5.  A predictive model to identify patients with suspected acute coronary syndromes at high risk of cardiac arrest or in-hospital mortality: An IMMEDIATE Trial sub-study☆,☆☆,☆☆☆,☆☆☆☆ 
The IMMEDIATE Trial of emergency medical service use of intravenous glucose–insulin–potassium (GIK) very early in acute coronary syndromes (ACS) showed benefit for the composite outcome of cardiac arrest or in-hospital mortality.
This analysis of IMMEDIATE Trial data sought to develop a predictive model to help clinicians identify patients at highest risk for this outcome and most likely to benefit from GIK.
Multivariable logistic regression was used to develop a predictive model for the composite endpoint cardiac arrest or in-hospital mortality using the 460 participants in the placebo arm of the IMMEDIATE Trial.
The final model had four variables: advanced age, low systolic blood pressure, ST elevation in the presenting electrocardiogram, and duration of time since ischemic symptom onset. Predictive performance was good, with a C statistic of 0.75, as was its calibration. Stratifying patients into three risk categories based on the model's predictions, there was an absolute risk reduction of 8.6% with GIK in the high-risk tertile, corresponding to 12 patients needed to treat to prevent one bad outcome. The corresponding values for the low-risk tertile were 0.8% and 125, respectively.
The multivariable predictive model developed identified patients with very early ACS at high risk of cardiac arrest or death. Using this model could assist treating those with greatest potential benefit from GIK.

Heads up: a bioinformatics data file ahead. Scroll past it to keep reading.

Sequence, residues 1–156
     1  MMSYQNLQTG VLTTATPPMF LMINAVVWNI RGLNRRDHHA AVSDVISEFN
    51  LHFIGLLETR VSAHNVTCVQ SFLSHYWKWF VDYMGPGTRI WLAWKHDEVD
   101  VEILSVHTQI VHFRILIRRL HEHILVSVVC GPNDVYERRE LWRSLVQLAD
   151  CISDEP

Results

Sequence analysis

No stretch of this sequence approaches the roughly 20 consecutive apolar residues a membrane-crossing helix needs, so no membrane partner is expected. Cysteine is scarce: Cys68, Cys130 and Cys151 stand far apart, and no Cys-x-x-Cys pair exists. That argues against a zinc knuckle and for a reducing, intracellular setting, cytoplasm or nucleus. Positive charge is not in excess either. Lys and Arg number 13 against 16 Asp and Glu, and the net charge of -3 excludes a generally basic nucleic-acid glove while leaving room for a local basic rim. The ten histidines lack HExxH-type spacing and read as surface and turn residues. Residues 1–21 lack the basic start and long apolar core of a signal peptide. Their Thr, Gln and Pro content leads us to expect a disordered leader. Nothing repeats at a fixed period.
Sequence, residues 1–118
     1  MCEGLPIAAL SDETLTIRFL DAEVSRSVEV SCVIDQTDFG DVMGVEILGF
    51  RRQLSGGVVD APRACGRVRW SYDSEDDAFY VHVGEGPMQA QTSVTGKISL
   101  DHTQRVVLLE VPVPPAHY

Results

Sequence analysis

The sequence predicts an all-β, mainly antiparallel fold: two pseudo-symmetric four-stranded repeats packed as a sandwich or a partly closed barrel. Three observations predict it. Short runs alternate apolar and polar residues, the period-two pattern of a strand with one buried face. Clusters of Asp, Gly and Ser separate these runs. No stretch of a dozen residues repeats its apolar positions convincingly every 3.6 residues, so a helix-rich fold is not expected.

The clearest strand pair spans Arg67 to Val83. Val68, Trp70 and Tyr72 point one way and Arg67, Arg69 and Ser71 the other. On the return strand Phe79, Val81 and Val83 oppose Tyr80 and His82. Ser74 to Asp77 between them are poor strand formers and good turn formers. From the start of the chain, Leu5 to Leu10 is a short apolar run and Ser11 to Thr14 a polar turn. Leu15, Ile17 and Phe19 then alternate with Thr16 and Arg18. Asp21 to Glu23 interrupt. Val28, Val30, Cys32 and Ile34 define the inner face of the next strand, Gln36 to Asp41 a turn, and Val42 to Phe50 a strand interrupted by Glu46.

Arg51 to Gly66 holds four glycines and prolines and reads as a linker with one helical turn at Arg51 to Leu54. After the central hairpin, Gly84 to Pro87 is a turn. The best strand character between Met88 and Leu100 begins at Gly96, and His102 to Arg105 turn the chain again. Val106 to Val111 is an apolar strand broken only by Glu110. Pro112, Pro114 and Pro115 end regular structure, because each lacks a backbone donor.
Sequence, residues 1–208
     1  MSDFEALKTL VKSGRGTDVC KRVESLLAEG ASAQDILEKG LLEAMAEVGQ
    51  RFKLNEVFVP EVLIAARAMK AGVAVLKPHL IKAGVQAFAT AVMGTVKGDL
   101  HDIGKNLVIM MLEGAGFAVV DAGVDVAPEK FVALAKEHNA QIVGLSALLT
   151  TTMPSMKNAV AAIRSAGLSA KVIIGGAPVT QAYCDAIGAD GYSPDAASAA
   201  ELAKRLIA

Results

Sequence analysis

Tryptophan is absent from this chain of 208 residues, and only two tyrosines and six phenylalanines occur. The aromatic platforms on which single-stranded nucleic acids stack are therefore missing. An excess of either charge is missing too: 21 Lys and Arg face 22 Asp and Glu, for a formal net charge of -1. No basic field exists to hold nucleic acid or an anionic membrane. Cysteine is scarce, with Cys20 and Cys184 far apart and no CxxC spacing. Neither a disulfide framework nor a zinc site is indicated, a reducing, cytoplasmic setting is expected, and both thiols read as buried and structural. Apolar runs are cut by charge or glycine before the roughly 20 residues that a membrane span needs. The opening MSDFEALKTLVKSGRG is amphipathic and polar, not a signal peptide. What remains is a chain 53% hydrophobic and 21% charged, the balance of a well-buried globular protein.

PMCID: PMC4762054  PMID: 26913292
Acute coronary syndrome; Glucose–insulin–potassium (GIK); Predictive model; Cardiac arrest; Mortality; Emergency medical service
6.  C-Reactive protein reactions to glucose-insulin-potassium infusion and relations to infarct size in patients with acute coronary syndromes 
Some benefits of glucose-insulin-potassium (GIK) in patients with acute coronary syndromes (ACS) may be from an anti-inflammatory effect. The primary aim of this study was to assess the impact of GIK administration early in the course of ACS on inflammatory marker C-reactive protein (CRP) levels. A secondary aim was to investigate the association between CRP and 30-day infarct size.
Methods and Results
Retrospective analysis of participants with ACS randomly assigned to GIK or placebo for at least 8 h in the IMMEDIATE Trial biological mechanism cohort (n = 143). High sensitivity CRP (hs-CRP) was measured at emergency department presentation, and 6 and 12 h into infusion. Logarithmically transformed hs-CRP values at 12-hours were lower with GIK vs. placebo (mean =0.65 mg/L in GIK, 0.84 mg/L in placebo), with a marginal trend toward significance (P = 0.053). Furthermore, using mixed models of hs-CRP, time, and study group, there was a significant increase in hs-CRP levels over time, but the rate of change did not differ between treatment arms (P = 0.3). Multivariable analysis showed that an elevation in hs-CRP, measured at 12 h, was an independent predictor of 30-day infarct size (β coefficient, 6.80; P = 0.04) using sestamibi SPECT imaging.
The results of this study show no significant effect of GIK on hs-CRP. In addition our results show that in patients with ACS, hs-CRP measured as early as 12 h can predict 30-day infarct size.
Electronic supplementary material
The online version of this article (doi:10.1186/s12872-015-0153-7) contains supplementary material, which is available to authorized users.
PMCID: PMC4668670  PMID: 26631004
Acute coronary syndromes; Glucose-insulin-potassium (GIK); Inflammation; C-reactive protein; Metabolic therapy
7.  One-Year Outcomes of Out-of-Hospital Administration of Intravenous Glucose, Insulin, and Potassium (GIK) in Patients with Suspected Acute Coronary Syndromes (from the IMMEDIATE [Immediate Myocardial Metabolic Enhancement During Initial Assessment and Treatment in Emergency care] Trial) 
The American journal of cardiology  2014;113(10):1599-1605.